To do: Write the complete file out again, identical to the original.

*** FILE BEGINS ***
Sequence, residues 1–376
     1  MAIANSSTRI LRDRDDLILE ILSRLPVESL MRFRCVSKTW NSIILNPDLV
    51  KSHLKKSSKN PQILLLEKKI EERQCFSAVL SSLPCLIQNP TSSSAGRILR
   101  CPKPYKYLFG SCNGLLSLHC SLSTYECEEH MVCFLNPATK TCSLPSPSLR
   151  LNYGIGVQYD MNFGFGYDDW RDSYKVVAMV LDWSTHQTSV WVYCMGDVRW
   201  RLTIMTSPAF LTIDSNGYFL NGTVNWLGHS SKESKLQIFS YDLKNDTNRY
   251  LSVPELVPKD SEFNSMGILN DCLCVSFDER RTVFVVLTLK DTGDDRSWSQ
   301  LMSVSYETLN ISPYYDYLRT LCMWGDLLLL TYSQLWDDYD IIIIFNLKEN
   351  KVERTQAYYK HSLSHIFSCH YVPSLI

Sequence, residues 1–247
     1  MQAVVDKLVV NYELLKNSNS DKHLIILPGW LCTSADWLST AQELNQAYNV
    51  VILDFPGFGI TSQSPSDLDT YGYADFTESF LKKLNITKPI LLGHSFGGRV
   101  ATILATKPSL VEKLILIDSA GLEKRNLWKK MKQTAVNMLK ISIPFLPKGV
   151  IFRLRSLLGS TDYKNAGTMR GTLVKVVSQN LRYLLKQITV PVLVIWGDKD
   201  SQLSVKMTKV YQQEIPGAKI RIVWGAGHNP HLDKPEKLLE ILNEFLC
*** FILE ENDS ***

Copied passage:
Sequence, residues 1–376
     1  MAIANSSTRI LRDRDDLILE ILSRLPVESL MRFRCVSKTW NSIILNPDLV
    51  KSHLKKSSKN PQILLLEKKI EERQCFSAVL SSLPCLIQNP TSSSAGRILR
   101  CPKPYKYLFG SCNGLLSLHC SLSTYECEEH MVCFLNPATK TCSLPSPSLR
   151  LNYGIGVQYD MNFGFGYDDW RDSYKVVAMV LDWSTHQTSV WVYCMGDVRW
   201  RLTIMTSPAF LTIDSNGYFL NGTVNWLGHS SKESKLQIFS YDLKNDTNRY
   251  LSVPELVPKD SEFNSMGILN DCLCVSFDER RTVFVVLTLK DTGDDRSWSQ
   301  LMSVSYETLN ISPYYDYLRT LCMWGDLLLL TYSQLWDDYD IIIIFNLKEN
   351  KVERTQAYYK HSLSHIFSCH YVPSLI

Sequence, residues 1–247
     1  MQAVVDKLVV NYELLKNSNS DKHLIILPGW LCTSADWLST AQELNQAYNV
    51  VILDFPGFGI TSQSPSDLDT YGYADFTESF LKKLNITKPI LLGHSFGGRV
   101  ATILATKPSL VEKLILIDSA GLEKRNLWKK MKQTAVNMLK ISIPFLPKGV
   151  IFRLRSLLGS TDYKNAGTMR GTLVKVVSQN LRYLLKQITV PVLVIWGDKD
   201  SQLSVKMTKV YQQEIPGAKI RIVWGAGHNP HLDKPEKLLE ILNEFLC